responsive to high levels of SIV antigen. Alternatively, these cells may have
arisen from CD8+
Gag181–189-precursors within the naive repertoire, which
were present at initial SIV infection, but whose expansion was blocked during
the period of effective CS blockade. We performed enzyme-linked immunosorbent
spot (ELISPOT) assays to assess the functional capacity of SIV-specific
CD8+ T cells. The
Gag181–189-specific CD8+ T cells
that emerged late (20 weeks after infection) in (two of four) treated animals
(Figure 4A) exhibited attenuated production
of IFN-γ in response to in vitro stimulation with cognate
Gag181–189 (CTPYDINQM) peptide (Figure 4B). This impairment of SIV-specific
CD8+ T cells that arose during chronic SIV infection
is consistent with functional exhaustion or impaired induction of
CD8+ T cell responses that are generated in the
absence of effective CD4+ T cell help (51–53).
Chronic SIV-specific CD8+ T cell responses are
impaired following acute CS blockade. Levels of
CD8+ T cells determined by tetramer staining of
peripheral blood at 20 weeks following SIV infection (A) and corresponding
ELISPOT quantification of IFN-γ–producing cells
following in vitro stimulation of PBMCs with
Gag181–189 (CTPYDINQM) peptide (B).
Acute CS blockade delays SIV seroconversion. We characterized the development of humoral immune responses against SIV in
treated versus control macaques and determined their relationship to SIV
replication. Development of B cell germinal centers (GCs) in lymph nodes,
assessed by histological analysis of proliferating
(Ki67+) lymphocytes, was evident at 10 days following SIV
infection of control macaques but was profoundly inhibited in treated animals
(Figure 5A). Similar inhibition of GC
development by CS blockade was also observed in lymph nodes from treated animals
at 6 weeks after infection (not shown) and is temporally consistent with the
delayed seroconversion observed in treated animals (Figure 5B). These effects on GC development and
seroconversion are consistent with the inhibitory effects on humoral immunity
following in vivo disruption of CD40L-CD40 lymphocyte signaling in other animal
Effects of acute CS blockade on humoral immune responses. (A) B cell germinal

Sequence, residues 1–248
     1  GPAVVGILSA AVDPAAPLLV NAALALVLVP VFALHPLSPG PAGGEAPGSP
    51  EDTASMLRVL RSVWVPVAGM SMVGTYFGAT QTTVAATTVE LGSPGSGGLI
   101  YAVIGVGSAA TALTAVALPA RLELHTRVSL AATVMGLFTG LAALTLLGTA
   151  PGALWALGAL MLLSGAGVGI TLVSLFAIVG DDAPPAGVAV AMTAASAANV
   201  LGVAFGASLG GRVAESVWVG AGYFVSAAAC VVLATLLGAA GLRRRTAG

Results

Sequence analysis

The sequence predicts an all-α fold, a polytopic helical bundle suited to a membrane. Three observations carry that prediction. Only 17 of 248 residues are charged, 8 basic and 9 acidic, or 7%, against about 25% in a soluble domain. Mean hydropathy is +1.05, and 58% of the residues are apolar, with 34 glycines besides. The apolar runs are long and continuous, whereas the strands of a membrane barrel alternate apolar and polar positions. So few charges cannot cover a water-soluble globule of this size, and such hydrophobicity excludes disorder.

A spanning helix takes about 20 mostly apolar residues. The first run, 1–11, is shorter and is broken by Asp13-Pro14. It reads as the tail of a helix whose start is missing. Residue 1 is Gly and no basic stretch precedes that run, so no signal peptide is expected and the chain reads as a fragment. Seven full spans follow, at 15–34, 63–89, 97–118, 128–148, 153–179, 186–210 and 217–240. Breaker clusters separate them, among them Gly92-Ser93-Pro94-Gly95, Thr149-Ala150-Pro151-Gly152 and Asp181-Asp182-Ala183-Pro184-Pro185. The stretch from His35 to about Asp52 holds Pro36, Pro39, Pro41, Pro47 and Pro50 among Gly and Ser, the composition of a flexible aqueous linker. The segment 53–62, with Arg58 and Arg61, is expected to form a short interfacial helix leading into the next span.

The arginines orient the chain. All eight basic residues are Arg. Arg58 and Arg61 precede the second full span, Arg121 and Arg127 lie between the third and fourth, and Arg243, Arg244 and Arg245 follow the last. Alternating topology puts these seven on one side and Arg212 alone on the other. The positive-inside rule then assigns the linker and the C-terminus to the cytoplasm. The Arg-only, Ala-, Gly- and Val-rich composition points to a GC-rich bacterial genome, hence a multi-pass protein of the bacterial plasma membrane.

centers (arrows) in representative lymph node sections from macaques in
control or treatment (CS blockade) groups at 10 days following SIV
infection. Ki67+ lymphocytes are brown; magnification
×200. (B and C) SIV-specific Ab titers were determined by ELISA
(B) or SIVmac239-neutralization assay (C) on plasma samples from control
macaques (circles): ROz5 (black), RBm6 (blue), Rvy5 (red), RYt5 (green); or
CS blockade macaques (triangles): REp6 (black), REo6 (blue), RIc6 (red),
RCr5 (green). Gray bars denote the treatment period; note different scales.
(D) Correlation of SIV-specific Ab titer (by ELISA) and SIV plasma viral
load around the time of seroconversion for macaques in the control group
(days 16–42 after infection) or CS
blockade–treatment group (days 50–98 after
infection). Ab titers are plotted as natural log transforms of the Ab titers
While animals in both control and treatment groups exhibited seroconversion
against SIV, albeit with different kinetics, in neither group did macaques
produce Ab’s that were able to neutralize SIVmac239 infection ex
vivo (Figure 5C). Interestingly,
SIV-specific Ab’s that were elicited during SIVmac239 infection of
both treated and control macaques, while not capable of neutralizing SIVmac239,
were capable of ex vivo neutralization of a related tissue
culture–adapted SIV isolate (SIVmac251) (Supplemental Figure 2). The delayed emergence of
SIVmac251-specific neutralizing Ab’s in treated versus control
macaques (Supplemental Figure 2) indicates
that generation of neutralizing Ab responses against SIV is prevented by the CS
blockade. These Ab responses therefore must require effective
CD4+ T cell help and do not arise in a T
cell–independent manner, as previously suggested (42, 54).
SIV viral load is inversely related to SIV-specific Ab titers. In both groups, significant inverse correlations were observed between the levels
of SIV plasma viremia and SIV-specific Ab titers around their respective times
of seroconversion (Figure 5D; control
group, P < 0.001; CS blockade group,
P < 0.001: comparison of slopes of regression lines
against zero; that is, null hypothesis indicates no association). This inverse
correlation was greater for the control group than for the treatment group
(Figure 5D; P
= 0.03, comparison of slopes for control versus treatment group). In
addition, inverse rank order correlations between SIV plasma viremia and